NJ Mom Recognizes Census Worker as Sex Offender

Woman recognizes a door-to-door census worker from the state sex-offender registry

By Teresa Masterson
|  Wednesday, May 19, 2010  |  Updated 2:32 PM EDT
View Comments (
)
|
Email
|
Print
Cheating Politicians

N.J. Department of Law & Public Safety

Woman recognizes a door-to-door census worker, Frank Kuni, from the state sex-offender registry.

advertisement
Photos and Videos
More Photos and Videos

A man with a U.S. census badge knocked on Amy Schmalbach’s door on May 4. Thinking that answering the door to a government worker was a safe bet, she did. And then she wondered why he looked so familiar.

As soon as the man left her Pennsauken home, Schmalbach realized where she had seen him before: on the state’s sex-offender registry.

"I figured this is a government worker, I'm safe," Schmalbach, 33, told the Inquirer. She had given him names and birthdates of her family to the man who called himself “Jamie.”

The man’s real name is Frank J. Kuni, but goes by many aliases, including Jamie Shepard. It was under the name “Jamie Shepard” that he applied for a door-to-door job with the census bureau.

Schmalbach verified on the sex-offender registry that the man who was knocking on doors in her neighborhood was indeed the 47-year-old Kuni who has been convicted of assaulting an underage girl, and having “inappropriate contact with two other victims,” according to the registry.

Then Schmalbach called police and warned her neighbors.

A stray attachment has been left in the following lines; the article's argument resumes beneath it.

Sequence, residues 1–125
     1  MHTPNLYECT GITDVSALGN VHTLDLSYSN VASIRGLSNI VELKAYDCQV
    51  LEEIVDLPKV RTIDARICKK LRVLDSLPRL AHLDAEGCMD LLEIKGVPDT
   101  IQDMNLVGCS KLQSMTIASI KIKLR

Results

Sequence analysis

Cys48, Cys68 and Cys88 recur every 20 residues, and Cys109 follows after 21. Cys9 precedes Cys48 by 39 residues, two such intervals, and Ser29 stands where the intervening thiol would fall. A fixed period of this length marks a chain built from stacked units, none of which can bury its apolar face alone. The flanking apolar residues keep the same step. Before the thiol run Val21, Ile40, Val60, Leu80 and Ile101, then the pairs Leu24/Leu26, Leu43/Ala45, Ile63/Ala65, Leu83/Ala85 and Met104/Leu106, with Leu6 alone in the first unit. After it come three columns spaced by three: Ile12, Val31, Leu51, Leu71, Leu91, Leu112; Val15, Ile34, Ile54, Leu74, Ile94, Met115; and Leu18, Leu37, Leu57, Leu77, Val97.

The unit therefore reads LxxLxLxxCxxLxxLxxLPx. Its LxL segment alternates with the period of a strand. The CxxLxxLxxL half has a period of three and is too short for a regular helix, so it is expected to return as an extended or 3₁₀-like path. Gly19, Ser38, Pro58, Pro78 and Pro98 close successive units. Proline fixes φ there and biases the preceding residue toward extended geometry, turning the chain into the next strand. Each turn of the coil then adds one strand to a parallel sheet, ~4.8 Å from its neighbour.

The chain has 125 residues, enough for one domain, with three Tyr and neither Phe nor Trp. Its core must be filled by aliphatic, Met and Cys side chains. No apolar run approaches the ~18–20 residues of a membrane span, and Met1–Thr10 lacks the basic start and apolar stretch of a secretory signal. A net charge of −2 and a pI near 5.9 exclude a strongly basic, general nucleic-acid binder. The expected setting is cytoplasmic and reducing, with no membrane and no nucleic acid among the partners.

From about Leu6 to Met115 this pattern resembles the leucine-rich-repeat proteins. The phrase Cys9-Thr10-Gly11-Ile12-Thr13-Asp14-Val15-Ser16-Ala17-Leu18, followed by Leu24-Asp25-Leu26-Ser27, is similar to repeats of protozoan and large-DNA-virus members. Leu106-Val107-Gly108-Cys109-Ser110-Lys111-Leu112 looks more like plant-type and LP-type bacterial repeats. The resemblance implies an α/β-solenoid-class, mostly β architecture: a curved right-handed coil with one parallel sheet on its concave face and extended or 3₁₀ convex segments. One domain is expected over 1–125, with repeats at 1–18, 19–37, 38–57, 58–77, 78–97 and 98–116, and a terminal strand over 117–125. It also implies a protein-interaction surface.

"If I had not recognized who this person was, none of my neighbors would have, and I believe he would have continued to go door to door," Schmalbach told the Inquirer.

Kuni was arrested Monday on charges of false representation and impersonating a public official, according to police.

A census official told the Inquirer that a “Jamie Shepard” had been hired in late April after passing the name check, but was fired May 5, as he failed the fingerprint check.

The census hired about 600,000 people to work home visits in the last week of April, Fernando E. Armstrong, director for the Philadelphia region, told the Inquirer.

"When you are looking at 600,000 people going through this check, you can understand that it doesn't always work the way it should," Armstrong said.

Get the latest headlines sent to your inbox!
View Comments (
)
|
Email
|
Print
Leave Comments
What's New
FlyeredUp: Win 2 Tickets to Flyers Playoff Game
Win two tickets to the first... Read more
Follow Us
Sign up to receive news and updates that matter to you.
Send Us Your Story Tips
Check Out